MCC's Arboretum, a Nebraska
Statewide Arboretum site, is comprised of six venues located throughout the 70-acre
campus. Among them is the General Crook House with its original Victorian-era garden.
General Crook House Victorian Heirloom Garden
|Photo by Janice Rutledge
(click for larger image)
The Crook House Victorian Heirloom Garden is the only garden of its kind in this
region. It blooms among century-old trees at an authentically restored home built in
1879 for a frontier general. The garden features more than 110 varieties of flowers,
some trees and shrubs were carried here on wagon trains and were available by catalog
in the 1880s, or were native to Nebraska. The garden overlooks the majestic parade
ground and historic buildings of Fort Omaha, and at the rear, along the back drive,
are natural wild flowers and prairie grasses.
Every home during this Victorian period of the late 1800s, however modest, included
some form of garden fenced or bordered by shrubs to define an outside living space.
Gardens provided a welcome escape from summer's heat. The Crook House Garden is edged
with Privet, Alpine Currant, Rose trellis and hedges, and the Bridal Wreath Spirea.
|Photo by Rita Jerins
A unique feature is that it was designed to resemble a parlor rug. Carpet beds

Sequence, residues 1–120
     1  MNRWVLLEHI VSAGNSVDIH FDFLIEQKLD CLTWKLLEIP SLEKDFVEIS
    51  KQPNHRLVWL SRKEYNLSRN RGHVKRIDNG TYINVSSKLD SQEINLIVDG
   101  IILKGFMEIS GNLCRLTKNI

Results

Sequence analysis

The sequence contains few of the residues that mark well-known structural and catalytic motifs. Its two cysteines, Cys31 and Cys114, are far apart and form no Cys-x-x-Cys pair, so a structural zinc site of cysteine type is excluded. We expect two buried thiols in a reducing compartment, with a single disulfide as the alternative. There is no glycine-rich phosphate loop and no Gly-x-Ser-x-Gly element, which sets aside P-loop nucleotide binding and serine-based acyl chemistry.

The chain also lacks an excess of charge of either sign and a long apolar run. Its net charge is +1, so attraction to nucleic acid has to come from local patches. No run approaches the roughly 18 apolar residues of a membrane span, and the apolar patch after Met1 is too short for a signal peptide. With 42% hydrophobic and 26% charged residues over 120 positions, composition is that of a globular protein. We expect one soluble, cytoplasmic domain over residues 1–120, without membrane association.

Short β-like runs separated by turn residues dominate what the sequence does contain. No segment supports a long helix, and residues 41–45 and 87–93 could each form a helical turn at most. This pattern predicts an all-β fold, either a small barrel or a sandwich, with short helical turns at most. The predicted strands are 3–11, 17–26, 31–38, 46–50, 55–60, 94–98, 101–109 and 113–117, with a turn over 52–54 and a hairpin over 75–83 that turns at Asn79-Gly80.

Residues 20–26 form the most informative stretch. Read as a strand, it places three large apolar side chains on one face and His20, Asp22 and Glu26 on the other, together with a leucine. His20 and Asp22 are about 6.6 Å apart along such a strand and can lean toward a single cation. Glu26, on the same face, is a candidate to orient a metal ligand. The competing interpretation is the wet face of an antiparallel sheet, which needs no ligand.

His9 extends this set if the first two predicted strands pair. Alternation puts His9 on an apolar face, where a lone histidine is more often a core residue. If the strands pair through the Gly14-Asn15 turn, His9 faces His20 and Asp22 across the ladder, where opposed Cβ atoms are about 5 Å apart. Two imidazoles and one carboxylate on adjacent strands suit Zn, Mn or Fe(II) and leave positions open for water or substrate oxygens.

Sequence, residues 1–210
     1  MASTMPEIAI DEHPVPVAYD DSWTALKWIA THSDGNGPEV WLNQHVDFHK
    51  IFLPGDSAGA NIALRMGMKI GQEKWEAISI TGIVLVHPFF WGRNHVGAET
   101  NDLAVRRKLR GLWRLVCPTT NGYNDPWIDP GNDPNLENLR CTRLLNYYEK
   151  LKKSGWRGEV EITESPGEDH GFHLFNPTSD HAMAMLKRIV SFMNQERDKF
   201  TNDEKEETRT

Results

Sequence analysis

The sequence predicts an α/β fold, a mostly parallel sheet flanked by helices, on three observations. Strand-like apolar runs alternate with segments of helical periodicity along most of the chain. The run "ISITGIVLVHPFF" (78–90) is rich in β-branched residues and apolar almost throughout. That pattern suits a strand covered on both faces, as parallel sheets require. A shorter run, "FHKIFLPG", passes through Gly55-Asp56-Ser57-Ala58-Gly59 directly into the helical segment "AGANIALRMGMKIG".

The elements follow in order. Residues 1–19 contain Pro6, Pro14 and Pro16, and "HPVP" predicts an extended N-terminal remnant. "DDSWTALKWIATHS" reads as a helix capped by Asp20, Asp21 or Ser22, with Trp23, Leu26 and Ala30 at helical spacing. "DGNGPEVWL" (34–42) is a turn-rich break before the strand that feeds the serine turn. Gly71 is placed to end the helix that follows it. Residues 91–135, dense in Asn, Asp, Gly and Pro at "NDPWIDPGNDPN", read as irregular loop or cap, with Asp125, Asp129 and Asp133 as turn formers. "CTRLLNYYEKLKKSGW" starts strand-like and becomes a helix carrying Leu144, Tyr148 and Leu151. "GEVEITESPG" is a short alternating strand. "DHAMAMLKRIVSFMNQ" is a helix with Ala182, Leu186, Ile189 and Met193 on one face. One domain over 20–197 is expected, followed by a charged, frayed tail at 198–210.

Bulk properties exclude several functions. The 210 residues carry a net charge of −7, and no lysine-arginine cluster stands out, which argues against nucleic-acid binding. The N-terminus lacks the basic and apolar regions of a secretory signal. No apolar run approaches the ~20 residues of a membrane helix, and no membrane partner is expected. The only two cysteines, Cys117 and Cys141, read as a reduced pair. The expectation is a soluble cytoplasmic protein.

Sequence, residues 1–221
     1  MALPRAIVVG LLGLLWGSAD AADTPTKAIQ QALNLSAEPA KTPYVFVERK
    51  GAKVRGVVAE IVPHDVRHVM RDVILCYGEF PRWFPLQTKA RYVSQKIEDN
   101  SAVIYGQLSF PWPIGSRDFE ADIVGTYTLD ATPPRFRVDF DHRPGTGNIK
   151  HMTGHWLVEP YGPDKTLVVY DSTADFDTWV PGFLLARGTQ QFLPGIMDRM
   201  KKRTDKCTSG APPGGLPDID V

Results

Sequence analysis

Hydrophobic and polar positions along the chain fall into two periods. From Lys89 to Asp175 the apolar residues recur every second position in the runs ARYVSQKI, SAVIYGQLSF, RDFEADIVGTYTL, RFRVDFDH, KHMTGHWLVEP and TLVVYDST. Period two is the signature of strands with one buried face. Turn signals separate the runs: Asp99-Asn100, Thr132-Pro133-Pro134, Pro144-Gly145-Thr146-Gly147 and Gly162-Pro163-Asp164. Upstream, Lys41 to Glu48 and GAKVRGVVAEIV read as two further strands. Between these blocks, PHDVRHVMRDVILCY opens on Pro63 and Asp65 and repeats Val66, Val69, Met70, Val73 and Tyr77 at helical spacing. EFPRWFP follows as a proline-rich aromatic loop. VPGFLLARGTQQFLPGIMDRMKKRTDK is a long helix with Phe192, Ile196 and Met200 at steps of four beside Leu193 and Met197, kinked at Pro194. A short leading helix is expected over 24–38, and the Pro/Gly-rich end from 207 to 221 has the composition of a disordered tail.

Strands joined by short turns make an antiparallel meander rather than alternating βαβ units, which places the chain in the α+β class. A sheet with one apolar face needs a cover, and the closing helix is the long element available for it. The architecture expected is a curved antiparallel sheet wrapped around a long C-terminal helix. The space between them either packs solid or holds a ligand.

(the four center areas) are accented with the patterns and bright colors of an Oriental
Four other features in the Crook House Victorian Heirloom Garden are original to the
garden: the limestone steps and the rock steps, the birdbath fountain and the Eastern
Cedar tree near the grape arbor.
|Photo by Janice Rutledge
(click for larger image)
This garden is both formal and prairie in its design. Perennial gardens, which border
the house, were favored by homeowners of the late 1800s since seeds were scarce, expensive
and had to be ordered. Cuttings often were traded or brought from the East to grace the
barren yards of a new homesteader.
Of special interest are:
- Fern Leaf Peony or Pioneer Peony: a double, deep red flower in the spring
and delicate fern-like foliage until late summer. Rarely found in Omaha (at your
right, southeast corner of the house as you enter the full garden).
- Rosa rugosa hedge: a pink flower resembling a single petaled wild rose followed
by colorful red hips, separates the formal garden from the fruit, vegetable, herb
and cutting gardens (elevated west section), just as the kitchen and servant’s
quarters are separated from the main part of the house.
- Herb garden: an essential part of every kitchen garden. A typical design was
a lover’s knot, having no beginning or ending. Oyster shell was used to maintain
the pattern, and plants frequently were shorn to show the intricate design.
- Practical fruits: at most homes for jellies, jam, pies and canning of cherry,
crab apple, boysenberry, gooseberries and small fruit bushes (near the arbor
planted with grapes).
- Cutting beds: no wider than four feet for easy cutting from both sides (near
the south porch).
- Fragrant flowers: helped during an age that lacked air conditioning and
deodorants. A favorite was the wide-leaf Grandiflora Hosta (northwest side);